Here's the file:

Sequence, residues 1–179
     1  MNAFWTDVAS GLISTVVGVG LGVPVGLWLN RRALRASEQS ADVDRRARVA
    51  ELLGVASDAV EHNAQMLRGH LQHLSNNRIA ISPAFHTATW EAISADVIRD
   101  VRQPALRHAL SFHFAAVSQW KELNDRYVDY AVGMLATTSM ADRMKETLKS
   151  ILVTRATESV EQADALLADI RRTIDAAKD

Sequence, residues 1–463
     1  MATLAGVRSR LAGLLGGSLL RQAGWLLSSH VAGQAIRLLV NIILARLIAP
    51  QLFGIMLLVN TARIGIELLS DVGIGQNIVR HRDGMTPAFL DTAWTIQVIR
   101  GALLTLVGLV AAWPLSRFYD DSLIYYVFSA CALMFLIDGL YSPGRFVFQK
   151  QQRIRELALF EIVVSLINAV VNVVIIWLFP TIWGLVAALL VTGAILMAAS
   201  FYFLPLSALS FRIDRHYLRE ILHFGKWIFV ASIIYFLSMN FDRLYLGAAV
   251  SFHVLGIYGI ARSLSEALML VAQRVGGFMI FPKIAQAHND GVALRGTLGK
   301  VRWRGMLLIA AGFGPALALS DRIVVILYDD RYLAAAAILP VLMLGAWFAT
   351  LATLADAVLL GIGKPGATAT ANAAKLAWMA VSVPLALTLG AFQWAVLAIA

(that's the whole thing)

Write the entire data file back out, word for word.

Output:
Sequence, residues 1–179
     1  MNAFWTDVAS GLISTVVGVG LGVPVGLWLN RRALRASEQS ADVDRRARVA
    51  ELLGVASDAV EHNAQMLRGH LQHLSNNRIA ISPAFHTATW EAISADVIRD
   101  VRQPALRHAL SFHFAAVSQW KELNDRYVDY AVGMLATTSM ADRMKETLKS
   151  ILVTRATESV EQADALLADI RRTIDAAKD

Sequence, residues 1–463
     1  MATLAGVRSR LAGLLGGSLL RQAGWLLSSH VAGQAIRLLV NIILARLIAP
    51  QLFGIMLLVN TARIGIELLS DVGIGQNIVR HRDGMTPAFL DTAWTIQVIR
   101  GALLTLVGLV AAWPLSRFYD DSLIYYVFSA CALMFLIDGL YSPGRFVFQK
   151  QQRIRELALF EIVVSLINAV VNVVIIWLFP TIWGLVAALL VTGAILMAAS
   201  FYFLPLSALS FRIDRHYLRE ILHFGKWIFV ASIIYFLSMN FDRLYLGAAV
   251  SFHVLGIYGI ARSLSEALML VAQRVGGFMI FPKIAQAHND GVALRGTLGK
   301  VRWRGMLLIA AGFGPALALS DRIVVILYDD RYLAAAAILP VLMLGAWFAT
   351  LATLADAVLL GIGKPGATAT ANAAKLAWMA VSVPLALTLG AFQWAVLAIA